For the past seven years, Dave White of Easthampton, Mass., has slept with his head and chest uncomfortably propped up on a pile of pillows.
"It's the most difficult part of living with this condition," White says. "There are times when I've almost wept from the frustration of having to sleep [this way]." But if he doesn't, he risks a flare-up that sometimes "feels like a lit match being pressed to the top of my stomach."
If you’ve ever felt like your chest was on fire after eating a big or greasy meal, then you’re probably familiar with heartburn. Whether it happens to you occasionally or more often, you can take simple steps to soothe the burn. Learn more about why heartburn happens, who’s at risk, and how to stop -- and prevent -- the pain.
That condition is chronic heartburn, also known as GERD -- gastroesophageal reflux disease. For most people, heartburn is an occasional nuisance. It descends after an all-you-can-eat buffet or an office party. But if you have heartburn regularly, it's likely a sign of GERD, a relentless condition in which stomach acids back up into the esophagus. According to the American Gastroenterological Association, 25 million people have heartburn every day.
For many of them -- at least 50% according to some research -- nighttime heartburn is a special problem. Since lying flat can aggravate the symptoms, trying to sleep can be painful and difficult. There can also be more serious long-term consequences. Studies show that nighttime heartburn increases the risk of developing other serious conditions, including cancer of the esophagus.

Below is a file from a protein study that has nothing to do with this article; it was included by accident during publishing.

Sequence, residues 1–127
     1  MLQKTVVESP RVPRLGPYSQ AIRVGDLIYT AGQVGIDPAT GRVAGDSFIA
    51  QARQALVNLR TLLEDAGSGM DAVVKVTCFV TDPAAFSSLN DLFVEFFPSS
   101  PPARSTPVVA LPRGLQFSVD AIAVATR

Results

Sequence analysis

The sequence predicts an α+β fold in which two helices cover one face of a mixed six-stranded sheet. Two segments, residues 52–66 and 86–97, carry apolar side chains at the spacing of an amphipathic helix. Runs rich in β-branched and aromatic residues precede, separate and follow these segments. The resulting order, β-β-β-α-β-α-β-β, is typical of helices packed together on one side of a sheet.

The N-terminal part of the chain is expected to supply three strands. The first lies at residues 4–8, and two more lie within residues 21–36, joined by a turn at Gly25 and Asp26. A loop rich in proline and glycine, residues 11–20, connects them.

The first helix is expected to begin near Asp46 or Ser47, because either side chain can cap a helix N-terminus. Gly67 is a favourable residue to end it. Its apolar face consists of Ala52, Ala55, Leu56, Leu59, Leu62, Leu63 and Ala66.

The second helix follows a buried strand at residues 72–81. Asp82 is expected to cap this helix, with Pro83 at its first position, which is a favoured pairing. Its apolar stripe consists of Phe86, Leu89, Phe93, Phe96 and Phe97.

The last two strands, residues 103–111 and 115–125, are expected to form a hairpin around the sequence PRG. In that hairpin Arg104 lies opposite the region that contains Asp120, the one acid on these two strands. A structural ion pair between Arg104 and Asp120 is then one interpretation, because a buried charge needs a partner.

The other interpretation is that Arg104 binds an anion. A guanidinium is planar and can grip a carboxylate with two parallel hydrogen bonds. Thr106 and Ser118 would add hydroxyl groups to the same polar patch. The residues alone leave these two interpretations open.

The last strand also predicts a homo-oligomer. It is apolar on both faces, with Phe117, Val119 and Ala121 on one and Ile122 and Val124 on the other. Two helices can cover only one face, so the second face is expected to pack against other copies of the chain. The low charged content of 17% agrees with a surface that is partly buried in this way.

The good news is that there's a lot you can do to relieve the pain and discomfort. "If you are experiencing nighttime heartburn, you should know that there are good treatments," says Stuart Spechler, MD, spokesman for the American Gastroenterological Association and chief of the division of gastroenterology at the Dallas VA Medical Center. "There's no reason anyone should be suffering with this."
Why Is Nighttime Heartburn More Dangerous?
Day or night, chronic reflux can gradually damage the esophagus. It may lead to inflammation and scar tissue that narrows the esophagus. In some people, chronic heartburn can lead to Barrett's esophagus, changes in the cells that increase the risk of esophageal cancer.
But nighttime heartburn tends to leave acid in the esophagus longer, and therefore may cause more damage than daytime heartburn.
"A good part of the explanation is gravity," says Lawrence J. Cheskin, MD, co-author of Healing Heartburn and associate professor of medicine at the Johns Hopkins School of Medicine in Baltimore, Md. During the day, acids from the stomach may briefly force their way into your esophagus. But gravity quickly pulls them back down to the stomach.